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Effect of bariatric surgery combined with medical therapy versus intensive medical therapy or caloric restriction and weight loss on glycemic control in ZDF rat


Abegg, Kathrin; Corteville, Caroline; Docherty, Neil G; Boza, Camilo; Lutz, Thomas A; Munoz, Rodrigo; le Roux, Carel W (2015). Effect of bariatric surgery combined with medical therapy versus intensive medical therapy or caloric restriction and weight loss on glycemic control in ZDF rat. American Journal of Physiology. Regulatory, Integrative and Comparative Physiology, 308(4):R321-9.

Abstract

Background: Bariatric surgery rapidly improves type 2 diabetes mellitus (T2DM). Our objective was to profile and compare the extent and duration of improved glycemic control following Roux-en-Y gastric (RYGB) bypass surgery and vertical sleeve gastrectomy (SG) and compare against caloric restriction/weight loss and medical combination therapy based approaches using the Zucker diabetic fatty rat (ZDF) rodent model of advanced T2DM. Methods: Male ZDF rats underwent RYGB (n=15) or SG surgery (n=10) at 18 weeks of age and received postsurgical insulin treatment as required to maintain mid light phase glycemia within a predefined range (10-15 mmol/L). In parallel, further groups of animals underwent sham surgery with ad libitum feeding (n=6), with bodyweight (n=8) or glycemic matching (n=8) to the RYGB group using food restriction or a combination of insulin, metformin and liraglutide respectively. Results: Both bariatric procedures decreased the daily insulin dose required to maintain mid light phase blood glucose levels below 15 mmol/L as compared to those required by bodyweight or glycemic matched rats (p < 0.001). No difference was noted between RYGB and SG with regard to initial efficacy. SG was however associated with higher food intake, weight regain and higher insulin requirements versus RYGB at study end (p < 0.05). Severe hypoglycemia occurred in several rats after RYGB. Conclusions: RYGB and SG significantly improved glycemic control in a rodent model of advanced T2DM. Whilst short-term outcomes are similar, long-term efficacy appears marginally better after RYGB although this is tempered by the increased risk of hypoglycemia.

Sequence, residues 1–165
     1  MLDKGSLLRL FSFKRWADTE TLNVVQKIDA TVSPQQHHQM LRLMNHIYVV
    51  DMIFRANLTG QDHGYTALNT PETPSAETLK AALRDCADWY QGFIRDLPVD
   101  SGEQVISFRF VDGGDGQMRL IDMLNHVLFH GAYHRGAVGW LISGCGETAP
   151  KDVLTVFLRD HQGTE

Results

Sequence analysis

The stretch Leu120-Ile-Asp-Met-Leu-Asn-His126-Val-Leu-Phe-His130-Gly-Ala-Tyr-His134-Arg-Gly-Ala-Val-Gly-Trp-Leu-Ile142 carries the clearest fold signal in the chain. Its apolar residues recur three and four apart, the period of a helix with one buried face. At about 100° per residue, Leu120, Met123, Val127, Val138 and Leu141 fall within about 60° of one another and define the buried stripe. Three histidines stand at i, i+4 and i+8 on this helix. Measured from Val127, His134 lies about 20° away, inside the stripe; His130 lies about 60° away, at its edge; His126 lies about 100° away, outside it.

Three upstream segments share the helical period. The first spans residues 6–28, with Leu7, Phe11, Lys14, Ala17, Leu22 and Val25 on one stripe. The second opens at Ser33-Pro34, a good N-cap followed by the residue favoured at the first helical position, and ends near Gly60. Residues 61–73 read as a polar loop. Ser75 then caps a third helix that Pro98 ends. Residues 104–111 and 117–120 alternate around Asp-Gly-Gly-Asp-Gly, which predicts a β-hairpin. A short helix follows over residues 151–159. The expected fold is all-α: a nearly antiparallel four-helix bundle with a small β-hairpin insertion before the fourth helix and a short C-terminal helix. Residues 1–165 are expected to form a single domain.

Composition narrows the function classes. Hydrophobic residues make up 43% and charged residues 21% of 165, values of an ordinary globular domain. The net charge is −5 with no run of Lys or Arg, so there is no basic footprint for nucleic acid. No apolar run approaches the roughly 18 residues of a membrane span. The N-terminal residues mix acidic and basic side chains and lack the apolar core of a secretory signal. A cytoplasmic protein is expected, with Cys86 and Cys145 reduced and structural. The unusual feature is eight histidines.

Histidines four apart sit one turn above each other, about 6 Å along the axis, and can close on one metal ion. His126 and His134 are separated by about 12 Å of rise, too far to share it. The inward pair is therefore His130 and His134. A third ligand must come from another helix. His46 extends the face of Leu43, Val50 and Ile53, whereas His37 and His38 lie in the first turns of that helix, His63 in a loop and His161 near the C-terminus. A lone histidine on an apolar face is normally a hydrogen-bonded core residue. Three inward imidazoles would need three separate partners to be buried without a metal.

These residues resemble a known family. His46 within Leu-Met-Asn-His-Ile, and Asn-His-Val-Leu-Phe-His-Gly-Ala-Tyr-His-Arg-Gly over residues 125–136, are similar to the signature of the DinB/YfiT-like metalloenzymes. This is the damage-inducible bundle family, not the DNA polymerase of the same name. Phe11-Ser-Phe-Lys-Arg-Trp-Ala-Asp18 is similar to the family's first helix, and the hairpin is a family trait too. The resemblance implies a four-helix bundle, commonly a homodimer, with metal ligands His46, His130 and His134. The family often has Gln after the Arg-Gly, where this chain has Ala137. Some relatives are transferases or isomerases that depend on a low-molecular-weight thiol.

Abstract

Background: Bariatric surgery rapidly improves type 2 diabetes mellitus (T2DM). Our objective was to profile and compare the extent and duration of improved glycemic control following Roux-en-Y gastric (RYGB) bypass surgery and vertical sleeve gastrectomy (SG) and compare against caloric restriction/weight loss and medical combination therapy based approaches using the Zucker diabetic fatty rat (ZDF) rodent model of advanced T2DM. Methods: Male ZDF rats underwent RYGB (n=15) or SG surgery (n=10) at 18 weeks of age and received postsurgical insulin treatment as required to maintain mid light phase glycemia within a predefined range (10-15 mmol/L). In parallel, further groups of animals underwent sham surgery with ad libitum feeding (n=6), with bodyweight (n=8) or glycemic matching (n=8) to the RYGB group using food restriction or a combination of insulin, metformin and liraglutide respectively. Results: Both bariatric procedures decreased the daily insulin dose required to maintain mid light phase blood glucose levels below 15 mmol/L as compared to those required by bodyweight or glycemic matched rats (p < 0.001). No difference was noted between RYGB and SG with regard to initial efficacy. SG was however associated with higher food intake, weight regain and higher insulin requirements versus RYGB at study end (p < 0.05). Severe hypoglycemia occurred in several rats after RYGB. Conclusions: RYGB and SG significantly improved glycemic control in a rodent model of advanced T2DM. Whilst short-term outcomes are similar, long-term efficacy appears marginally better after RYGB although this is tempered by the increased risk of hypoglycemia.

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Item Type:Journal Article, refereed, original work
Communities & Collections:04 Faculty of Medicine > Center for Integrative Human Physiology
05 Vetsuisse Faculty > Institute of Veterinary Physiology
05 Vetsuisse Faculty > Institute of Laboratory Animal Science
Dewey Decimal Classification:570 Life sciences; biology
610 Medicine & health
Language:English
Date:15 February 2015
Deposited On:03 Feb 2015 15:44
Last Modified:05 Apr 2016 18:45
Publisher:American Physiological Society
ISSN:0363-6119
Free access at:Publisher DOI. An embargo period may apply.
Publisher DOI:https://doi.org/10.1152/ajpregu.00331.2014
PubMed ID:25540099

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